The United States reiterated its commitment to Turkey that it will take back heavy weapons it delivered to the People’s Protection Units (YPG) but refrained to give a certain time frame during high-level bilateral political and military talks in the Turkish capital Ankara on Jan. 23 and 24.
“We did tell them that we do intend to fulfill that commitment. But I can’t give you a specific time frame,” a senior U.S. official told the Hürriyet Daily News on Jan. 24 about the U.S. promises over the weapons given to the YPG. The official also informed that only heavy weapons delivered to the YPG would be collected.
But the official reiterated the U.S.’s well-known position that they will continue to cooperate with the Syrian Democratic Forces (SDF), an umbrella group mainly consisting of YPG militants, to ensure that the Islamic State of Iraq and the Levant (ISIL) will be fully cleared from Syria.
Ties between Turkey and the U.S. have strained over a number of issues, but the latter’s military support to the YPG pitted the two long-standing allies against each other. Turkey considers the YPG as an offshoot of the outlawed Kurdistan Workers’ Party (PKK) and, therefore, as terrorist. The U.S., however, regards the group as the most efficient ground force in the fight against ISIL and has supplied it with heavy weapons.
The official informed that updated inventory of the weapons given to the YPG were being provided to the Turkish military every month, but rejected senior Turkish official claims that more than 4,000 trucks carried weapons to the YPG. “A vast majority of these deliveries go to the U.S. forces,” the official said, informing that they included food and other needs of their troops on the ground.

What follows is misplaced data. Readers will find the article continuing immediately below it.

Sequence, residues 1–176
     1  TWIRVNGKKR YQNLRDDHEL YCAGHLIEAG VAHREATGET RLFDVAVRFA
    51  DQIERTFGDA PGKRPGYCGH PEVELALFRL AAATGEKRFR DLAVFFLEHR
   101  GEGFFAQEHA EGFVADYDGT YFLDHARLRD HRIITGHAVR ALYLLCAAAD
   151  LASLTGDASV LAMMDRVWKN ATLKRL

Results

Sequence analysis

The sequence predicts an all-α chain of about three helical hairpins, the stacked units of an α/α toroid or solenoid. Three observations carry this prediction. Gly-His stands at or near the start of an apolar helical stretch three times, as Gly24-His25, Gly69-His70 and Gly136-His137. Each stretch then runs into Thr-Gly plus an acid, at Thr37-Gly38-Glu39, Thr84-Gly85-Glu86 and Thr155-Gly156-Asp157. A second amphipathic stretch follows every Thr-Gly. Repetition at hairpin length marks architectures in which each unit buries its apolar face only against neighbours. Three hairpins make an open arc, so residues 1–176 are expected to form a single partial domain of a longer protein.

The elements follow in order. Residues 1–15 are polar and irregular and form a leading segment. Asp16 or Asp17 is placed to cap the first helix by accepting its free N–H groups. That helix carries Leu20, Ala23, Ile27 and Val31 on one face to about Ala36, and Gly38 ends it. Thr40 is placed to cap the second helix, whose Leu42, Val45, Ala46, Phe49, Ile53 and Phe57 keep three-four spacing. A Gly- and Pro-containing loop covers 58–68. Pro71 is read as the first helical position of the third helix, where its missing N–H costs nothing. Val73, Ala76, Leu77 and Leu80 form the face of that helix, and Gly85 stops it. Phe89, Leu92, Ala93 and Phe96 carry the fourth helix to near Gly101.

Turkey on Jan. 20 launched a massive military operation against the YPG in Syria’s northwestern district of Afrin and vowed that it will expand it to Manbij area of Syria where YPG troops are located along with U.S. forces.
Amid all these problems, a senior U.S. delegation under the leadership of Deputy Assistant Secretary Jonathan Cohen and with the participation of representatives from the Pentagon and the US defense and justice ministries held talks in Ankara on Jan 23. and 24. The Turkish group was headed by Deputy Foreign Ministry Undersecretary Ahmet Muhtar Gün.
As the visit comes only days after the Turkish Armed Forces (TSK) launched the “Olive Branch Operation,” the two sides’ diplomats and soldiers discussed all aspects of the developments in Syria and Iraq as well.
“We recognize Turkey’s legitimate security concerns on its border,” the official said, underscoring that those armed forces in Afrin were not part of the anti-ISIL coalition.
“We continue to urge restraint and to ensure that the Turkish military operation remains limited in scope to avoid civilian casualties. We call on all partners to focus on our common goal of defeating in Syria and to work together for the future of Syria,” said the official.
“What they [Turkish officials] have been saying is that they are extremely cautious to avoid civilian casualties. We have been briefed of a number of targets they have decided not to strike because of concerns over collateral damage in civilian casualties,” the official added.
Security zone in Afrin
The American delegation also brought up a proposal first voiced by Secretary of State Rex Tillerson for the formation of a security zone in Afrin, the official said, adding: “We raised the matter with the Turks.
But Turks were not ready to engage in detail on that matter.”Turkish and American officials have also discussed what the two allies can do against the presence of the PKK in Syria as well as curb the financial resources of the group in Europe.
The Hürriyet Daily News has learned that Cohen will go to Brussels after Ankara to continue his talks on the fight against the PKK with his European counterparts.